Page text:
I studied English Language and Lit in a single honours program at TCD while raising four kids and working various jobs. I was a bartender in The Buttery Bar, the creator/manager of the Student Union bookstore that is still running as a business in 2016, and a founder member of the Finbar Cullen Co-op, TCD’s first alternative, political cafe. My life has been and is a roller coaster adventure, and I am learning to lean into the turns.
You’ve chosen a kind of oblique, unstraightforward approach to writing a poem about releasing a butterfly here. Can you tell us why/how you came to choose this approach?
I was quite struck when this incident happened. A number of poets gathered for the weekend last winter to write. That cottage was the setting for the poem. Long after I had returned home, I could not get the butterfly out of my mind. I wasn’t sure why it was important, but I knew that if I stayed with the image, let it keep annoying me, I would learn something. To do that, I needed to write about it. As I wrote, I began to understand why releasing the butterfly mattered.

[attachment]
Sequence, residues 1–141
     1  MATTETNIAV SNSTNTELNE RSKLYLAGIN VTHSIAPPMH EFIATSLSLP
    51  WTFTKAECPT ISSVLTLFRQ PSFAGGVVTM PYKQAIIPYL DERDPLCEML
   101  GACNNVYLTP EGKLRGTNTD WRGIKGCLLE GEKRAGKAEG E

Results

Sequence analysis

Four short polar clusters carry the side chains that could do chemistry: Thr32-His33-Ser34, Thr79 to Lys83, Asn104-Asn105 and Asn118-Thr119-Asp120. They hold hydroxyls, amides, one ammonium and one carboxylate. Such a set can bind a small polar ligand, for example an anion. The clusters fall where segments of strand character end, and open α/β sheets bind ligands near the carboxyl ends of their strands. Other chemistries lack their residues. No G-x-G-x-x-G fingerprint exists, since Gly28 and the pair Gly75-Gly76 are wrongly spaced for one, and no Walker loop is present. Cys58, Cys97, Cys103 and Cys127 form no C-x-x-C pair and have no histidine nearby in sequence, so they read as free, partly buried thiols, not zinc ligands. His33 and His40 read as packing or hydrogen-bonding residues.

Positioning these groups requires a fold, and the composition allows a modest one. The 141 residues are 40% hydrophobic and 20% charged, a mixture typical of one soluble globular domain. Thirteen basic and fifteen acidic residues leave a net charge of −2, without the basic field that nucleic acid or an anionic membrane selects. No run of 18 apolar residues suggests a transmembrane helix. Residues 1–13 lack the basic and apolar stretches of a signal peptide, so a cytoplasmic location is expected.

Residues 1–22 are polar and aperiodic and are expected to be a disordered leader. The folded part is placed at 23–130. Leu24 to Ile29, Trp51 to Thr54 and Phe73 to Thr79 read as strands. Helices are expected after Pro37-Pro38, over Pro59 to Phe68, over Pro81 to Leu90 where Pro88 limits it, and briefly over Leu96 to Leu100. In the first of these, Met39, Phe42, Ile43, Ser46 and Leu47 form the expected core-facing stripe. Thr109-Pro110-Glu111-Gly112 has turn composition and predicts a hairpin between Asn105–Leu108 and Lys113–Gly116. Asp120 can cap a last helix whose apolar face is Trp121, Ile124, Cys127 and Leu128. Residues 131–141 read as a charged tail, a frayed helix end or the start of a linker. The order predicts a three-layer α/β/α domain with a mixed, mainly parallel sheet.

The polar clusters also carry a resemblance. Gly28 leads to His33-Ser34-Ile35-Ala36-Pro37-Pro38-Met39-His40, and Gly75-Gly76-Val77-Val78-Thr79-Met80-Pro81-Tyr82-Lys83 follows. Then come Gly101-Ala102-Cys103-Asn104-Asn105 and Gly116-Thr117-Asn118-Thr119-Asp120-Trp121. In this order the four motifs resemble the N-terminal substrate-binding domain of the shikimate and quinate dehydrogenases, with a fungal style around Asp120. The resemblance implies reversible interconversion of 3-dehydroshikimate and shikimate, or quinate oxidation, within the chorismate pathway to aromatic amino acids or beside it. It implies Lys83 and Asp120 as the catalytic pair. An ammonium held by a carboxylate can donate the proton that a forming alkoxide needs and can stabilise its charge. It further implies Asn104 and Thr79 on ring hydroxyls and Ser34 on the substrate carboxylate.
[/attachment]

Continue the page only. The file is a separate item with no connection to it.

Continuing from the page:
So often, my poems are born out of my need to understand things that happen; things I have read, seen or experienced; in turn, these often hold a deeper, more personal meaning. Something strikes me and I think to myself, there’s a poem in there.
Yeats remarked that we make poetry out of the quarrel we are having with ourselves. This was one of those quarrels. Why did this butterfly bother me so much? I wrote until I understood that as I face the inevitable ending of my own life, I want to do it on my own terms.